BBC Home
Explore the BBC
BBC News
Launch consoleBBC NEWS CHANNEL
Last Updated: Thursday, 17 November 2005, 14:00 GMT
FBI names top 10 world art crimes
By Vincent Dowd
BBC News

Madonna with the Yarnwinder - from Drumlanrig Castle website
Da Vinci's Madonna with the Yarnwinder was stolen in Scotland
The US Federal Bureau of Investigation has identified what it has called the top 10 art crimes worldwide.

The FBI's list of stolen artworks includes paintings by Edvard Munch and Benevenuto Cellini, as well as thousands of items missing in Iraq.

The decision to set up an FBI Art Crimes Team in November 2004 was in part an acknowledgement of the obvious - that art crime is now big business.

By one estimation, transactions of $1bn to $2bn take place annually.

Compiled to mark the eight-strong team's first year in existence, the list shows what it is most interested in tracking down.

From 7,000 to 10,000 looted and stolen Iraqi artefacts, 2003
12 paintings stolen from the Isabella Stewart Gardner Museum, 1990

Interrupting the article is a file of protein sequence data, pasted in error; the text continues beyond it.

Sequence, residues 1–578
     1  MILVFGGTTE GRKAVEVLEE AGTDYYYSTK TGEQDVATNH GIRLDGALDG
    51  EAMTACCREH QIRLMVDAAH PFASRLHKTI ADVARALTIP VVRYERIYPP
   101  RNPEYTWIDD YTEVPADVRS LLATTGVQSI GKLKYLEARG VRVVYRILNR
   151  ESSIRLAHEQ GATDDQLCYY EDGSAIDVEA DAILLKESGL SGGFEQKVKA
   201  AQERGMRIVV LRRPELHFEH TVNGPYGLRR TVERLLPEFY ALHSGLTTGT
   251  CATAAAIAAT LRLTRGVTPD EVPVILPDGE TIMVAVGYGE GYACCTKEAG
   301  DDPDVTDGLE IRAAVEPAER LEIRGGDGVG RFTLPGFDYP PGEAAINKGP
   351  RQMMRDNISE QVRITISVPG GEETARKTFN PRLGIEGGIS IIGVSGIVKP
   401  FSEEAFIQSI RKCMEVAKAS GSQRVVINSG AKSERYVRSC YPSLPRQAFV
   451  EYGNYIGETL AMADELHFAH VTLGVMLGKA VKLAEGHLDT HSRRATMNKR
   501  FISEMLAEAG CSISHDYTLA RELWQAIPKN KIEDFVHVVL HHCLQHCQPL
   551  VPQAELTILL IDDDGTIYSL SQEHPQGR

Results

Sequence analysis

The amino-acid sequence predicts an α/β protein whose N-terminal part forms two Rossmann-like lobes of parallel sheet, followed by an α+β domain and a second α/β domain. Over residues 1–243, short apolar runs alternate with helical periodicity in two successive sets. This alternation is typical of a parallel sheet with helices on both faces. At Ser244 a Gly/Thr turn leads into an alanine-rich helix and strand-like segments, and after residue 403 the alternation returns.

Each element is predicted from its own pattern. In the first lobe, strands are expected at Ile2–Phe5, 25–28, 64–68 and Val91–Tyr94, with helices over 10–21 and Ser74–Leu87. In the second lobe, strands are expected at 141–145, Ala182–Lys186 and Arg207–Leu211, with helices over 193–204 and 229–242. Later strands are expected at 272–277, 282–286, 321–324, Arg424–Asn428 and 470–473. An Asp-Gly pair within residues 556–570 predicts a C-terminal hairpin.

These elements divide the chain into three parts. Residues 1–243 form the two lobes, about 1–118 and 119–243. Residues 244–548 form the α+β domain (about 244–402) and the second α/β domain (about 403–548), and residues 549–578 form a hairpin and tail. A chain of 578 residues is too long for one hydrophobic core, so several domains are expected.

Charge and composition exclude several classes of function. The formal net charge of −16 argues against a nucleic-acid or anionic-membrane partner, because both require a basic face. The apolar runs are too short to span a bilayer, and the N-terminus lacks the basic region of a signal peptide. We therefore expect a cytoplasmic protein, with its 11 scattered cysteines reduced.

Two Renoirs and one Rembrandt from Sweden's National Museum, 2000 (two recovered)
Munch's The Scream and The Madonna from the Munch Museum in Oslo, 2004
Benevenuto Cellini Salt Cellar from Vienna's Kunsthistorisches Museum, 2003
Caravaggio's Nativity with San Lorenzo and San Francesco from Palermo, 1969
Davidoff-Morini Stradivarius violin from a New York apartment, 1995
Two Van Gogh paintings from Amsterdam's Vincent Van Gogh Museum, 2002
Cezanne's View of Auvers-sur-Oise from Oxford's Ashmolean Museum, 1999
Leonardo's Madonna with the Yarnwinder from Scotland's Drumlanrig Castle, 2003
The FBI is not saying the items are necessarily in the US - although it is likely some of them are.

They range from a Stradivarius violin stolen from an apartment in New York a decade ago to Cezanne's View of Auvers-sur-Oise, taken from the Ashmolean Museum in Oxford in 1999.

The list also includes the world-famous Edvard Munch painting The Scream, stolen in Oslo last year.

Although this list is dominated by paintings, the politics behind setting up the Art Crime Team had more to do with the theft of and international traffic in historical artefacts.

Thousands of items were looted in Iraq following the US-led invasion, and Washington has been under pressure to track down at least some of them.

Tightening the system of checking what the art world calls the "provenance" of items for sale in Europe and the US has helped a bit - but there are still many items missing.

What happens to stolen art?
23 Aug 04 |  Arts


The BBC is not responsible for the content of external internet sites


Americas Africa Europe Middle East South Asia Asia Pacific